League of Legends publisher Riot has canned its partnership with Saudia Arabian city project Neom following criticism from employees, esports casters, and fans. The deal would have seen the Saudi city project come on board as a partner for League of Legends’ European Championship tournament’s summer season. However, in a statement, Riot’s director of esports EMEA Alberto Guerrero explains that it was important the developer moved quickly once they realised “mistakes” were made.
“As a company and as a league, we know that it’s important to recognise when we make mistakes and quickly work to correct them,” Guerrero says. “After further reflection, while we remain steadfastly committed to all of our players and fans worldwide including those living in Saudi Arabia and the Middle East, the LEC has ended its partnership with Neom, effective immediately.
“In an effort to expand our esports ecosystem, we moved too quickly to cement this partnership and caused rifts in the very community we seek to grow. While we missed our own expectations in this instance, we’re committed to reexamining our internal structures to ensure this doesn’t happen again.”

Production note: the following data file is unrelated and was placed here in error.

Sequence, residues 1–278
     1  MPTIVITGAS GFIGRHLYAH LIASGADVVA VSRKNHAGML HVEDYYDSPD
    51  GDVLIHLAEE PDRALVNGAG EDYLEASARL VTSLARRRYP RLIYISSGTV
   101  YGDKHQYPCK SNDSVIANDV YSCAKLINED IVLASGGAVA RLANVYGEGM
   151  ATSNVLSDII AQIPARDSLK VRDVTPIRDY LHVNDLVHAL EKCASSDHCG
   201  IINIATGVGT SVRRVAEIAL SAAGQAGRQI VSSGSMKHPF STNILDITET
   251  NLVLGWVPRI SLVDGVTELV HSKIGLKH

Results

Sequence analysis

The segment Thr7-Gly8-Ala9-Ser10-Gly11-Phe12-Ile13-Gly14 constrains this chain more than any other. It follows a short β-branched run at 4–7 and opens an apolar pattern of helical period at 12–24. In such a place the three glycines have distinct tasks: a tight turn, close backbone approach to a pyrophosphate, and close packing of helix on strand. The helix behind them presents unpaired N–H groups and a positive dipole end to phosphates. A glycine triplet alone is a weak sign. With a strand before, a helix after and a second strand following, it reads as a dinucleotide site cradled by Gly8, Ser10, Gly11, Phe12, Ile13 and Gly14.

Neom will be a cross-border city in the Tabuk Province of northwestern Saudi Arabia. As The Wall Street Journal reports, it’s received $500 billion in financial backing from Saudi Arabia’s crown prince Mohammed bin Salman and is set to feature flying cars, robot dinosaurs, and a giant artificial moon.
One Riot employee took to Twitter to share an article from The Guardian that reports at least 20,000 members of a local tribe are being evicted to make space for the futuristic city.
Others have pointed to Saudi Arabia’s human rights record in regards to freedom of speech, women’s rights, the LGBTQ+ community, and more. “I can’t and do not personally support this partnership,” League of Legends lead gameplay designer Mark Yetter tweeted on Wednesday. “Sponsors are essential for the esport to thrive, but not at the cost of human life and freedoms.”
More broadly, others have expressed disappointment at not being consulted at the deal, with one employee saying they felt “silenced”.
Elsewhere, as reported by The Loadout, tournament organisers Blast also has a deal with Neom but finds itself in a more tricky position. Reason being, its deal “extends beyond just a simple sponsorship” and involves showing the Saudi city project how to become an esports hub in the its region.